What I want fans of P&R to see is that it hasn’t really helped anyone out. It didn’t let clubs plan long term or get off-field matters sorted out. Fans of those clubs affected should realise players weren’t coming in to play for the club, they were coming to play Super League, and they were gone when that was taken away. Do you want to see new players (and often coaches) trying to put together a new team year after year with no identity and continuity? Catalan Dragons, protected from relegation initially, have shown what that chance to plan long term affords a club – now they have better facilities, more French players coming through and regular playoff matches to compete in. They have a style and identity that has been allowed to develop and flourish.

Is one day at the top worth it? I’m not so sure. I followed a club that reached somewhat, and that was just for promotion between Championship 1 and the Championship, and all the good steady work was undone and the club went off the face of the RL world – now I have no local semi-pro team to go and watch because of the impossible dream of promotion.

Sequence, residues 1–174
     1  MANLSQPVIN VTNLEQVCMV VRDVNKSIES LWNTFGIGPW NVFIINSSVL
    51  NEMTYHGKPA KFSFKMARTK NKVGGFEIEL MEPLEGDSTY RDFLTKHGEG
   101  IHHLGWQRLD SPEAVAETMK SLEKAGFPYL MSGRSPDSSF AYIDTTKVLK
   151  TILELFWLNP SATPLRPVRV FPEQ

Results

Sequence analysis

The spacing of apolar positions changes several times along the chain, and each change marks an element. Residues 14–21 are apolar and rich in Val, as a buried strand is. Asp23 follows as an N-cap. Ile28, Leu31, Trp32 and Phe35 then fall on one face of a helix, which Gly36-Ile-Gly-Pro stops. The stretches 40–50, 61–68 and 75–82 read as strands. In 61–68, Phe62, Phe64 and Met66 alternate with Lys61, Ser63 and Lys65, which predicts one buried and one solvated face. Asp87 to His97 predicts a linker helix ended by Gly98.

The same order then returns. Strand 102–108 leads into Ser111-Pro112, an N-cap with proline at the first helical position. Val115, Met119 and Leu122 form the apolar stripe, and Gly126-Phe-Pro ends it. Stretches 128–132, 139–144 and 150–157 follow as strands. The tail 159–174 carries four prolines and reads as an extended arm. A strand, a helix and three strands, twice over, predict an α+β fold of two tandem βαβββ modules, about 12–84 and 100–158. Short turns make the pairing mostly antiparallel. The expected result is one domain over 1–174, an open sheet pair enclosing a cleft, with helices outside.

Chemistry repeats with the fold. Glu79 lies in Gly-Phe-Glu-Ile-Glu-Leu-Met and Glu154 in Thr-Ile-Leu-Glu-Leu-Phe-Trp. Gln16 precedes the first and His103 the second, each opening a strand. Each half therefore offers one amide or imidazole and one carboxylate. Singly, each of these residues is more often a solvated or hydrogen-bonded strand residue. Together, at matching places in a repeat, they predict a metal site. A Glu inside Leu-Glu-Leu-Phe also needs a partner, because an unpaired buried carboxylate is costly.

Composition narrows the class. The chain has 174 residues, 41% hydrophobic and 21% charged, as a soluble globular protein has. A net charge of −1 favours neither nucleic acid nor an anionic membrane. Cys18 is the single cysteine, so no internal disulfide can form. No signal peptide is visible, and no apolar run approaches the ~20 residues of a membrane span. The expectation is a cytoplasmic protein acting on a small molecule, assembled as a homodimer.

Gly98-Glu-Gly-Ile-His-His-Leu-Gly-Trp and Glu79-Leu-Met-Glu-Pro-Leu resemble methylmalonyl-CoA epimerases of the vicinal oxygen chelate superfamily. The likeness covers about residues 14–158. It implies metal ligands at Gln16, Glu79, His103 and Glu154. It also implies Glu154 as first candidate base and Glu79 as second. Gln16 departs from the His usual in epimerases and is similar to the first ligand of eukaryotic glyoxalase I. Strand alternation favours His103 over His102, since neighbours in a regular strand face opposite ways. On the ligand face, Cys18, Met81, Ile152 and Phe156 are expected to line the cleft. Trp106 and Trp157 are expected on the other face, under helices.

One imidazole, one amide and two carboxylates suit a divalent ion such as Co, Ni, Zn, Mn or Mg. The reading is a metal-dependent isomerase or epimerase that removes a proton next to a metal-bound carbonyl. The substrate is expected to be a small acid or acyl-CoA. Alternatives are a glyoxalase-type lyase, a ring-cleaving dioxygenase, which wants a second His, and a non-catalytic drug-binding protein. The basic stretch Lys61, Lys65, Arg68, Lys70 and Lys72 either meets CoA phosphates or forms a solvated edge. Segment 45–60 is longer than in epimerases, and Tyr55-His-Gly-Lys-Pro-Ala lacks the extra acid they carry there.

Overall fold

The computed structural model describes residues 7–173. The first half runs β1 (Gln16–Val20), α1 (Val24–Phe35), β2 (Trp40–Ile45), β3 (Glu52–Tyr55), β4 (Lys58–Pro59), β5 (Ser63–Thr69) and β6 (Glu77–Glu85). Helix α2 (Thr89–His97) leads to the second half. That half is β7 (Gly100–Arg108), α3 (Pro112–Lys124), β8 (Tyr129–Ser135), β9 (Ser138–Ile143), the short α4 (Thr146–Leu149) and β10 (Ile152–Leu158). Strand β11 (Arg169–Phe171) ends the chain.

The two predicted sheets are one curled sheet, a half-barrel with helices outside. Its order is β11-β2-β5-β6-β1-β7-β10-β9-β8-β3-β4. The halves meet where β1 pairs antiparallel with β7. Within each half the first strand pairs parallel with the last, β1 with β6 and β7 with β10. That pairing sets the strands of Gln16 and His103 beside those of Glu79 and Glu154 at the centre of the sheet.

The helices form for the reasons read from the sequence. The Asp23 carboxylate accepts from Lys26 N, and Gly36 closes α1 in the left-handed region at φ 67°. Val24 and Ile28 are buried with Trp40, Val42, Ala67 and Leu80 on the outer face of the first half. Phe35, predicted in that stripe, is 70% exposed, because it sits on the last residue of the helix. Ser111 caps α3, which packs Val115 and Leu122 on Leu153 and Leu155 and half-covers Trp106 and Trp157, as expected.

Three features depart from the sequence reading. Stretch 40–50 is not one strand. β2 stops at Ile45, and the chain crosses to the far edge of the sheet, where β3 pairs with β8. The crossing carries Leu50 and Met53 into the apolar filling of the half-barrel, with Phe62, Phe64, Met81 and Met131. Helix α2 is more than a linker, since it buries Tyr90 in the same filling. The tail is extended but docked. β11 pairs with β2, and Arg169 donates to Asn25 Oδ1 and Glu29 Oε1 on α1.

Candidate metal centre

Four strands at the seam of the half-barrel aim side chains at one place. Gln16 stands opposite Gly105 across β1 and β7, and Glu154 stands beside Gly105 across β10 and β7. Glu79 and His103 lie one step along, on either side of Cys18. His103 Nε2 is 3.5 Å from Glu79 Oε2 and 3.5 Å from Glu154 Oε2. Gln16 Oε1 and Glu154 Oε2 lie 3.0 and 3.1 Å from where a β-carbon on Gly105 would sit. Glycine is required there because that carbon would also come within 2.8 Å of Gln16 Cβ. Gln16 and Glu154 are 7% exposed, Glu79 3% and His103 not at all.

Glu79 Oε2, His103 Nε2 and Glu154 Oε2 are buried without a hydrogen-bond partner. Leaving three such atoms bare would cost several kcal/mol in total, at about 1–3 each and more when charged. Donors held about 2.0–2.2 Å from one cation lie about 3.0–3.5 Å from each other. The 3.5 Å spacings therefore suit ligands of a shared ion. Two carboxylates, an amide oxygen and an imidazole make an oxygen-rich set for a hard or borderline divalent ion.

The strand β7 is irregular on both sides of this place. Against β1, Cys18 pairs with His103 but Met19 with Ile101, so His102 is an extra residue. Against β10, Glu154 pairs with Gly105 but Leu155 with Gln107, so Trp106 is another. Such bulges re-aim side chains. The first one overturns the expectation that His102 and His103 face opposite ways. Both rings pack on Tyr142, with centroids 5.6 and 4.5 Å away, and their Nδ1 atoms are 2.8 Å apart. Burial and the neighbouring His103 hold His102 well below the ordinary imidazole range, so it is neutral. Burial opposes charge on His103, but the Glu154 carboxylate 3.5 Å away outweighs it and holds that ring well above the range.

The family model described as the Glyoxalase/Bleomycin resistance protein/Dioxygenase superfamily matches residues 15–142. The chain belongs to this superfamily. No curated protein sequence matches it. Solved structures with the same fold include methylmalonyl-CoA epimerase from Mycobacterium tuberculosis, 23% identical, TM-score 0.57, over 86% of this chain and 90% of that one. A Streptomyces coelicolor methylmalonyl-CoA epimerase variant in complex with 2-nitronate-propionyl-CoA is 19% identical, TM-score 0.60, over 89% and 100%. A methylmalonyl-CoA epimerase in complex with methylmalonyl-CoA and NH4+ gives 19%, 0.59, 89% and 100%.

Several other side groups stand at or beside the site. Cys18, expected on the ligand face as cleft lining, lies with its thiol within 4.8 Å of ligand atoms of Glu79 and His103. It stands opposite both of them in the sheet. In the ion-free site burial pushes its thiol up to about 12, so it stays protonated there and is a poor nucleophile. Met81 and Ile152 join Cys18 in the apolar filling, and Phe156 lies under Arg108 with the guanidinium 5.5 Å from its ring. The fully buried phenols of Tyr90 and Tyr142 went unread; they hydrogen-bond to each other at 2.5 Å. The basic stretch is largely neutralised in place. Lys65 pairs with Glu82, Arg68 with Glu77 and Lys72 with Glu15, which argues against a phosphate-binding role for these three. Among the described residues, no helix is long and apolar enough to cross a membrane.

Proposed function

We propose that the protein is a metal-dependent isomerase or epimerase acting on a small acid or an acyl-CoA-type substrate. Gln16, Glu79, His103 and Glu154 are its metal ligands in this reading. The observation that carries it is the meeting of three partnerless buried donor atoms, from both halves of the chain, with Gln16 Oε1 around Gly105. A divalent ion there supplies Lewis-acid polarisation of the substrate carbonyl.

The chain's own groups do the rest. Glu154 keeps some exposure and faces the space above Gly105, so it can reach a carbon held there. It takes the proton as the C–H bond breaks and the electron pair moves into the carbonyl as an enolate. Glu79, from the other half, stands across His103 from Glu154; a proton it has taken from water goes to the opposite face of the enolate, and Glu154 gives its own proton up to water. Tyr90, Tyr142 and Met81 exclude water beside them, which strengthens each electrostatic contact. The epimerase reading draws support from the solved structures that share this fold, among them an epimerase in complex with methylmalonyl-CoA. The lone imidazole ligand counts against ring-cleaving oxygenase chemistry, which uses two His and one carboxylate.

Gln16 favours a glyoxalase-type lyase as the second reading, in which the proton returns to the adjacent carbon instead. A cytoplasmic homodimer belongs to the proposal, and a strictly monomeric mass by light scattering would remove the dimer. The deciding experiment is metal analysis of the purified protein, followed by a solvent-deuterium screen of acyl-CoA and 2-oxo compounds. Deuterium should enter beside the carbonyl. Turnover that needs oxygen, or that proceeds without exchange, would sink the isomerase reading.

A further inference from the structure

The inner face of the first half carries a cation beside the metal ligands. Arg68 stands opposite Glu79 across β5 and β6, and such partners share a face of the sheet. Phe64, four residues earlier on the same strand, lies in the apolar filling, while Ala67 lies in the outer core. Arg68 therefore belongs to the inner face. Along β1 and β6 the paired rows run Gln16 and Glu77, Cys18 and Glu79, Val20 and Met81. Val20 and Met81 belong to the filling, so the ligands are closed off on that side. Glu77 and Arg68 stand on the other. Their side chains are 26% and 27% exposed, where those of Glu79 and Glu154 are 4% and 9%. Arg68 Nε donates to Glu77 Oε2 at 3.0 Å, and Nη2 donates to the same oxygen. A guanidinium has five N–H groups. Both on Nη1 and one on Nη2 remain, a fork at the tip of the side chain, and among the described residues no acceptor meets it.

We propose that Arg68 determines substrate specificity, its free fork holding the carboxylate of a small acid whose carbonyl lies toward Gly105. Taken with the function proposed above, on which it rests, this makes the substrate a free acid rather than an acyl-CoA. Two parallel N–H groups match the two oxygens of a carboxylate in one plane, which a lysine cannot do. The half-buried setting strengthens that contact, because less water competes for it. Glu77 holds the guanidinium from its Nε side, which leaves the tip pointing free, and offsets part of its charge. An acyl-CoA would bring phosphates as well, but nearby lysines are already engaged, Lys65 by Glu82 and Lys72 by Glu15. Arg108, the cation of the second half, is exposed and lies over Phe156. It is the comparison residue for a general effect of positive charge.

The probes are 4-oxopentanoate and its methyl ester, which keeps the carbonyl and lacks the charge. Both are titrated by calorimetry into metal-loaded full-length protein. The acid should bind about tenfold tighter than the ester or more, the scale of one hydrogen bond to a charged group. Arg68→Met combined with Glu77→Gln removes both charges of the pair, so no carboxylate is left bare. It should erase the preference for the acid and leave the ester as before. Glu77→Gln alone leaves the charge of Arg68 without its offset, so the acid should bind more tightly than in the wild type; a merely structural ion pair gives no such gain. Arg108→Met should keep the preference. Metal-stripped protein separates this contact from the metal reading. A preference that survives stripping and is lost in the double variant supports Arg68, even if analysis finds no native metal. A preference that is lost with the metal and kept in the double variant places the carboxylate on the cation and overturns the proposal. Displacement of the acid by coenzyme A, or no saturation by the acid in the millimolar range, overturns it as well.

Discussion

A note on the proposed restructure for 2 x 12 > 3 x 8 set up, I don’t think this will improve clubs retaining players and building long term – players will want to play in the top 8 division, so I think the player movement will increase mid-season as well as in the close season. Clubs losing out on top level revenues midway through a campaign when they are told they can no longer get decent crowds from hosting well supported clubs like Wigan, Leeds, Warrington, Saints and Hull FC will need to cut wage bills to survive. Combine this with top clubs wanting top players and top players wanting to play at successful well paying clubs and you will see mid-season deals of some sort. Stability won’t be maintained. The issues I’ve talked about above won’t be fixed. The proposal misses the point, but I’ve not had chance to fully map out my opinions on this yet outside the snipets I’ve raised on Twitter or other forums. I would say I don’t like it, and will try and substantiate that some more at some point.

Big sports fan (Wigan Warriors, Manchester United, Pittsburgh Steelers, Lancashire County Cricket Club, St. Johnstone). Walking enthusiast.